Medical Science Matters, the campaign by South Australian Professional Scientist Australia members, will soon be entering a new phase.
Tuesday, 2 September 2014
Over the last three months medical scientist members and Professional Scientists Australia officials have held a number of meetings with representatives from Health and the Office for the Public Sector, calling for improvements to career structures and conditions for medical scientists.
Discussions on the issues that medical scientists are facing have, to this point, been encouraging and are ongoing. This is in large part due to the activity members have been undertaking at worksites across Health, and the increased support behind our campaign for change.
We know that while a patient may rarely see a medical scientist, they are involved in almost all the care our health system provides. medical scientists inform other healthcare professionals how to provide the right care in the right situation, and pose questions and conduct research to find treatments to the communities health issues.
We also know that well resourced medical science saves money; no repeat tests, repeat visits to the doctor, or lengthy stays in hospital waiting for treatment or diagnosis. It also enables the prevention or early diagnosis of serious and chronic diseases. This saves patients, their families, communities and governments money. Most importantly; it saves lives.
But all is not well in medical science. As a far smaller group than doctors or nurses, medical scientists get overlooked. Funding for medical science is being cut, and scientists positions are being lost, while demand for their work is increasing. With fewer medical scientists and greater workloads, it could take far longer to receive treatment when a patient goes to the doctor, hospital or emergency room.
Members have told us clearly that without improved investment in medical science, South Australia is on a path leading towards higher health costs and poor patient outcomes, and this is the message we need to get across to senior decision makers. But we can’t do that alone.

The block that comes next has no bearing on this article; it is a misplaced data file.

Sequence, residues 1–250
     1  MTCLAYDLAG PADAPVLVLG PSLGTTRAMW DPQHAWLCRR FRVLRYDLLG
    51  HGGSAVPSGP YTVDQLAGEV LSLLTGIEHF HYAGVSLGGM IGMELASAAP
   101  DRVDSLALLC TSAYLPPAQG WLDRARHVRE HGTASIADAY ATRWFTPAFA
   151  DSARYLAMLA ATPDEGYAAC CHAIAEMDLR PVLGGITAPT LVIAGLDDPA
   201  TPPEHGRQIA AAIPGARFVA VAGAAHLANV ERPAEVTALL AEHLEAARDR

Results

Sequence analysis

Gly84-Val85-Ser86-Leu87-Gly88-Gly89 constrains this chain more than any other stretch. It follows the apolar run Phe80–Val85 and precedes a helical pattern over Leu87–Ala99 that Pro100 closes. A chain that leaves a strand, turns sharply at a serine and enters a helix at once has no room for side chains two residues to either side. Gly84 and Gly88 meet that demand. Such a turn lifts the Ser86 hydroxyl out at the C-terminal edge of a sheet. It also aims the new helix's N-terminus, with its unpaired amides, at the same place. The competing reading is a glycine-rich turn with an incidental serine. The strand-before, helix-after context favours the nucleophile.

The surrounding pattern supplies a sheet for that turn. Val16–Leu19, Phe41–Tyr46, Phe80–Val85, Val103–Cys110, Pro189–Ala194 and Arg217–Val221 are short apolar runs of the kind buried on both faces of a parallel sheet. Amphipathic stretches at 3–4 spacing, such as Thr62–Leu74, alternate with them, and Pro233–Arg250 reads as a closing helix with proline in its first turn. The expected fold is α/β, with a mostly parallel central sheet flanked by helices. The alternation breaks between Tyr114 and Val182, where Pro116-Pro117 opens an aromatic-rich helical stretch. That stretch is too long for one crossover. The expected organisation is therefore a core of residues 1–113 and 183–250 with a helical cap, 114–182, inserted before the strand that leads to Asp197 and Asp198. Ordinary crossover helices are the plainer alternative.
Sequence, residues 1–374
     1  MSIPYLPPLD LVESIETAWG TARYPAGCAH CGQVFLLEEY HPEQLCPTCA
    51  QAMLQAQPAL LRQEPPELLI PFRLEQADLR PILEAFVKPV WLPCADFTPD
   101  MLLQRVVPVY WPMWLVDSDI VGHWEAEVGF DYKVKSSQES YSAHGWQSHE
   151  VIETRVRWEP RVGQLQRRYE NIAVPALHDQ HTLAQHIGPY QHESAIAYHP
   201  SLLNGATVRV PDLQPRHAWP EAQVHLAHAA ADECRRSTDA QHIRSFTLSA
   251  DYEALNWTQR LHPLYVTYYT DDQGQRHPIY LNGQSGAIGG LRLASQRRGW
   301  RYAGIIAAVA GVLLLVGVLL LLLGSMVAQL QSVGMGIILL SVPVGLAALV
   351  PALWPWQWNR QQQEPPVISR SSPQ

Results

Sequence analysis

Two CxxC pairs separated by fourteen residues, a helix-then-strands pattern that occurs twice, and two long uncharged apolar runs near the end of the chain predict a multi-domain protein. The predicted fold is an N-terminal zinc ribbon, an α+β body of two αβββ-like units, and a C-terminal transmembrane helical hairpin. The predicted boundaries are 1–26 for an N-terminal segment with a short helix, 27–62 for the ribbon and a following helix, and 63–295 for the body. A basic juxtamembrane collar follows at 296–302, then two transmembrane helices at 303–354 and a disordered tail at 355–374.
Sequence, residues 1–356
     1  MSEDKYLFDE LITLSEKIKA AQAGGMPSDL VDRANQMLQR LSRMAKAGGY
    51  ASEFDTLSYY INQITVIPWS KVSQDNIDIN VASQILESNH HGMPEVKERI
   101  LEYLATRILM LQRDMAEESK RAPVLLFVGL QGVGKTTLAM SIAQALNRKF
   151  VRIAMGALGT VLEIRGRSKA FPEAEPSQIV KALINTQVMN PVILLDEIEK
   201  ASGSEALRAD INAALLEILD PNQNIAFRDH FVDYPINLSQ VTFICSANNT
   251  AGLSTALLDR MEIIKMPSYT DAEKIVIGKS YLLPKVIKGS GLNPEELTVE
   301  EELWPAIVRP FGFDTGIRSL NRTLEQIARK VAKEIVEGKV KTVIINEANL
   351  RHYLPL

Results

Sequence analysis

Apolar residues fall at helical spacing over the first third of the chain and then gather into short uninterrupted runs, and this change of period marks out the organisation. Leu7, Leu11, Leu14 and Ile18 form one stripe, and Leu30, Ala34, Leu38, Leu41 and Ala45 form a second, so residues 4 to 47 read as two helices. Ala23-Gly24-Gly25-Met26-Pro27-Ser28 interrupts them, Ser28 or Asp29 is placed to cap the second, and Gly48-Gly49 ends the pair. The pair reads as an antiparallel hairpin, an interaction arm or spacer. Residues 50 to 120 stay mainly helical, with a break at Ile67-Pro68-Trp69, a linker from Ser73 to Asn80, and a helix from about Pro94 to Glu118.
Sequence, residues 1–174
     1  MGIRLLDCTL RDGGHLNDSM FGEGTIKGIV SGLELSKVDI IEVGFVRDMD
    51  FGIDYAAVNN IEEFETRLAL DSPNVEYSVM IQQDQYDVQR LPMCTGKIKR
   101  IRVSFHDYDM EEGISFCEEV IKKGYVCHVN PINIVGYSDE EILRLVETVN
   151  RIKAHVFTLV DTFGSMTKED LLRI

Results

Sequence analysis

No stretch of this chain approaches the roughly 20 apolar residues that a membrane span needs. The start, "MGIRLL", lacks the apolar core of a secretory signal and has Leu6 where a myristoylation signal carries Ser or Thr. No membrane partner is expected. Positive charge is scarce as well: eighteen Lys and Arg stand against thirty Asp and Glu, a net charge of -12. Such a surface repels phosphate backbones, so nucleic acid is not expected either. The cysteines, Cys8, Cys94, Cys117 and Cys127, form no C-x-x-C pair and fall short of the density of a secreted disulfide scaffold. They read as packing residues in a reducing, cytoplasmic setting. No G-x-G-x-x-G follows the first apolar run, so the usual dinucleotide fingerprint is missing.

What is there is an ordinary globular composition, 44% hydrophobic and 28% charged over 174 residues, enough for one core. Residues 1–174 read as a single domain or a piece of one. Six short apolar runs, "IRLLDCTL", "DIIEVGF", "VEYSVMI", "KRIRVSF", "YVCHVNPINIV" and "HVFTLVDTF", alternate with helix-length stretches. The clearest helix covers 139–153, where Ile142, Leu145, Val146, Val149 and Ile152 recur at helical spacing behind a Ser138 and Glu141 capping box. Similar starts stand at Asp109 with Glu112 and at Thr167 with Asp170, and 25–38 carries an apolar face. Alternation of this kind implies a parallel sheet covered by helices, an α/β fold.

Medical Physicists: An Example to Follow
Public Sector Medical Physicists (MP’s) have been joining together and building power in their workplace since 2009 to support their claim for their own classification structure. MP’s believe their current classification situation lacks recognition of their unique skills, and the role they play in Health.
During the last few years MP’s across the country have successfully fought for their own structures that appropriately recognise the expertise of MP’s. This has resulted in South Australia being left behind as one of the lowest paid states, encouraging MP’s to move interstate to gain the recognition they deserve. One of SA’s Public Hospitals even had an advertised vacancy for a Physicists position that was unable to be filled for in excess of 3 years.
In recent years the majority of medical physicists in SA Health have joined Professional Scientists Australia and embarked on a campaign to raise community awareness of the importance of their role, which included media coverage. When negotiations with State Government representatives failed to see any improvements to the MP’s conditions they were backed up through community support and took actions in their workplace.
In order to resolve the dispute Government agreed to a review of the classification structure. It was at this point, after joining together in their workforces, building evidence, generating community support and an industrial show of strength, that medical physicists finally won the right to discuss the options for their own classification structure and what that may look like.
For the last two years Professionals Australia members worked together and conducted the review with SA Health, working to make recommendations about new role definitions, work level definitions, and the relative salary weightings between the new classification levels. These agreed recommendations then formed part of the claim being considered by the State Government during the current round of enterprise bargaining negotiations.
The Next Steps for Medical Scientists:
Our biggest ally in our work toward respect, reward and recognition is the very community whose healthcare we enable.
By acting together through Professional Scientists Australia, medical physicists convinced the Government that things needed to change. Just like with medical physicists, the community relies on medical scientists to enable an efficient, functioning healthcare system.
The key message for medical scientists to take away is clear: when science professionals join together and act collectively, with the support of the community, we have the power to make big changes and influence political decision makers.
By coming together and sharing our stories with the community, medical scientists will create a strong professional voice, with a strong call for change. Now is the time for medical scientists to join Professional Scientists Australia.
Join the campaign today: http://www.professionalsaustralia.org.au/join-now/